So after a long time coming I actually have some more comparison shots. I was at the Grand Canyon on a bus tour that only netted me 3 hours at the actual Canyon so I didn't have time to spend taking a lot of photos of the same thing for comparisons but I do have examples using different scenes. First off I want to show an exposure bracketed HDR photo which worked out quite well. I had the camera set to +/- 2 for the exposures which photoshop elements did not like one bit. It would appear that photoshop elements makes HDR shots by taking what it calculates to be the best exposure for each part of the image and unfortunately it really liked to have the mountains in the background overexposed and looking like crap. As such I bought a copy of FDR Tools which I've found works quite well. This image was taken using a delay and a mini tripod and needed only 1 pixel's worth of adjustment to line the images up.

Exposure Bracketed HDR shot of the grand canyon

Regular Exposure from the photos used to take the shot

You can see the extra detail in the clouds, the sky and the area of trees which is now much lighter. Of course the trees could be lightened digitally but there would be less detail information to maintain picture quality.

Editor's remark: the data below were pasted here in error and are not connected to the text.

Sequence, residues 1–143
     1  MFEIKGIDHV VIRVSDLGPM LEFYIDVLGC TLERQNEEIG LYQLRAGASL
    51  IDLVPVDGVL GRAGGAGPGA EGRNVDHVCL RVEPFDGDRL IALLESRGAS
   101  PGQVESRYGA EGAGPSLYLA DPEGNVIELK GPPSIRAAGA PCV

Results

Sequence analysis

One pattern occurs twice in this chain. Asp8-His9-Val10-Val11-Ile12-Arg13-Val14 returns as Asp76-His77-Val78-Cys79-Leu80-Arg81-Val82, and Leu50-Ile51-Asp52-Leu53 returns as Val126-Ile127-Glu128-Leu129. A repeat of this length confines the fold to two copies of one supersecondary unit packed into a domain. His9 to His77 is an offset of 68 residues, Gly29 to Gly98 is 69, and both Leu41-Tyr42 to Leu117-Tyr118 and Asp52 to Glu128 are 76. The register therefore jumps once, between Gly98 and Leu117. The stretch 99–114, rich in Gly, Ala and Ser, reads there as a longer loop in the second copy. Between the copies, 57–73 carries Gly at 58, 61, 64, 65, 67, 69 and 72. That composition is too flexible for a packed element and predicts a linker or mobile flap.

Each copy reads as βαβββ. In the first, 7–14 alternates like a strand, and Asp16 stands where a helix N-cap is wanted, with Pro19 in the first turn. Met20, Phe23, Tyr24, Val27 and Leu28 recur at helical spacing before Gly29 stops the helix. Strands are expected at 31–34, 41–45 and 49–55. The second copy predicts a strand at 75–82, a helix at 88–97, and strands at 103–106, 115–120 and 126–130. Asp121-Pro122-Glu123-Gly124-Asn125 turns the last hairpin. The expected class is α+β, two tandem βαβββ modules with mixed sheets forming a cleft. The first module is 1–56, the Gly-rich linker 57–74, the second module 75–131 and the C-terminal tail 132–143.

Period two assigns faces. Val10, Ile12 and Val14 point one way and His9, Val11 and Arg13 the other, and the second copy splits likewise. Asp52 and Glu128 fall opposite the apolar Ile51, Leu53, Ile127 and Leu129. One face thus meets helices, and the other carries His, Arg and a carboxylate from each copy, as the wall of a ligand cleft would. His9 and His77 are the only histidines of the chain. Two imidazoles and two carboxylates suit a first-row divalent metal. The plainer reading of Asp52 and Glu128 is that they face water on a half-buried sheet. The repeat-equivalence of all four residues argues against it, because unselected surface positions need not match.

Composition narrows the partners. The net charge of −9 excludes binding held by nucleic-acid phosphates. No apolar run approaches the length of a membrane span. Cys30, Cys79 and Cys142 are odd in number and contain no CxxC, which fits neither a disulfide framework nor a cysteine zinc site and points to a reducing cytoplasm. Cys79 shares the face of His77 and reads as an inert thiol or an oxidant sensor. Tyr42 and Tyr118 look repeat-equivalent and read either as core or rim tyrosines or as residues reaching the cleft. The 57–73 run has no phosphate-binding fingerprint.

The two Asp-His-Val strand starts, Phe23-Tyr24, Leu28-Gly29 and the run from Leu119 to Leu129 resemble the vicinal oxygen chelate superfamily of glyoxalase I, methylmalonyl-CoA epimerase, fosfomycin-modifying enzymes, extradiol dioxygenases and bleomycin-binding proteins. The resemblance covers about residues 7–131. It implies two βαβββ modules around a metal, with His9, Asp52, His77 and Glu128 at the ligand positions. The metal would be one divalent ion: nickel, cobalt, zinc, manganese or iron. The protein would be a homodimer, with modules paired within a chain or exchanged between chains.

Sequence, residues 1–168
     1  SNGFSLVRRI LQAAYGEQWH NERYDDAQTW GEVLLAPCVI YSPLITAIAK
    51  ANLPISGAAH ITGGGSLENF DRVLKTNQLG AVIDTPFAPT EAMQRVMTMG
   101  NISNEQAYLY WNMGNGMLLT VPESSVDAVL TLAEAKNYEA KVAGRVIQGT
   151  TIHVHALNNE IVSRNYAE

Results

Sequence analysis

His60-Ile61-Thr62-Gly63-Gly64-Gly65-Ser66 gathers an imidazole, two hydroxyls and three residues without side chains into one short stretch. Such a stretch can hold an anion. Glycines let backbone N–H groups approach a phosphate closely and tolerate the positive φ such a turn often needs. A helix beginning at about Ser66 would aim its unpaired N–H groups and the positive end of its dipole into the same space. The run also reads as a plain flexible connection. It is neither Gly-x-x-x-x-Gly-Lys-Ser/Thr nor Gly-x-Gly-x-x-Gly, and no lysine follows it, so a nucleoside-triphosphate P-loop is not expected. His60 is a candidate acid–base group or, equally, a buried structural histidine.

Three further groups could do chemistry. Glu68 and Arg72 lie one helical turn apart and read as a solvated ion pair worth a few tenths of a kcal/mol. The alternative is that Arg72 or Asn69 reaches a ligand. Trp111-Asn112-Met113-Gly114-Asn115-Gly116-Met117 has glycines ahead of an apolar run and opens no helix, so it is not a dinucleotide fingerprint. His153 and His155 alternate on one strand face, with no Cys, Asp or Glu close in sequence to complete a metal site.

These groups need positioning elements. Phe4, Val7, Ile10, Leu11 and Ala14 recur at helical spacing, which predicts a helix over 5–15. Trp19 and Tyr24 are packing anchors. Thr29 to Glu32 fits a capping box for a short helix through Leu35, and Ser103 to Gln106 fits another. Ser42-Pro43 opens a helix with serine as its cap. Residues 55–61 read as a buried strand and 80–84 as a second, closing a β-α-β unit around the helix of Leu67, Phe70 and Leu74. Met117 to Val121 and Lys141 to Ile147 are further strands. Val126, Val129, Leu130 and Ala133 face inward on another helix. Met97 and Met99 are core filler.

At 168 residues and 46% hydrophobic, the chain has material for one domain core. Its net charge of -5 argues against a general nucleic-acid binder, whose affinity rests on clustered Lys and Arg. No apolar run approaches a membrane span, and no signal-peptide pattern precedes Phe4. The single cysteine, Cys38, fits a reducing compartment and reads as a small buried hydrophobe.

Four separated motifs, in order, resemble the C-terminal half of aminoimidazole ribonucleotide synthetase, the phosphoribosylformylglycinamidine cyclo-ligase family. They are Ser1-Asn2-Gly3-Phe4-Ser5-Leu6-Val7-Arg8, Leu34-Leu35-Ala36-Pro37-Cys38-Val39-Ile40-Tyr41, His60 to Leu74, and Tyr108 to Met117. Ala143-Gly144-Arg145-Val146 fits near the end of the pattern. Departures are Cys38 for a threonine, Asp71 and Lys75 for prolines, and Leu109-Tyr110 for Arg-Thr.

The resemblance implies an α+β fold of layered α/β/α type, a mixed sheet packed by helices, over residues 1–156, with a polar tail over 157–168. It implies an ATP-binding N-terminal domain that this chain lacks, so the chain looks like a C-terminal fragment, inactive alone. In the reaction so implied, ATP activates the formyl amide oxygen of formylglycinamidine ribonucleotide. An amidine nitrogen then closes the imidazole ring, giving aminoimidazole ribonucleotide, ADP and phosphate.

Now for an example of where the in-camera HDR has failed me quite miserably...

Ugly in-camera HDR shot

Less ugly auto single exposure

You can really see that the auto single exposure had some dynamic range problems. The sky is totally white and the distance is overexposed. The foreground looks pretty ok except a little overexposed to the right. The In Camera HDR shot however looks outright terrible. It seems to suffer from the same sort of problem I had with photoshop elements and my bracketing shots. It looks like the camera saw that there was more detail in the distance in the overexposed shot but didn't do any sort of colour correction at all. In addition, It didn't capture the sky and it added a bunch of blue and silver garbage to the photo.


The lesson to all this: the in-camera HDR is convenient and does a decent job in most lighting conditions, it does however fall totally flat in conditions with extreme lighting. The dark shadow to the left and the sunlight hitting the right and the distance really was too much for the system to handle. Again I would say that we have to have realistic expectations though. It takes a good minute for my 2.5GHz Core 2 Duo laptop to grind out an HDR image with FDR tools, so for a camera that fits in a pocket, runs on a battery and combines and tone-maps images in around 7 seconds you really have to take what you get. In regular circumstances I've had some great photos with it and it saves me the time of having to tweak things using exposure bracketing. However if you want to take photos in extreme lighting conditions and/or expect top notch results you really need to step up to auto-bracketing.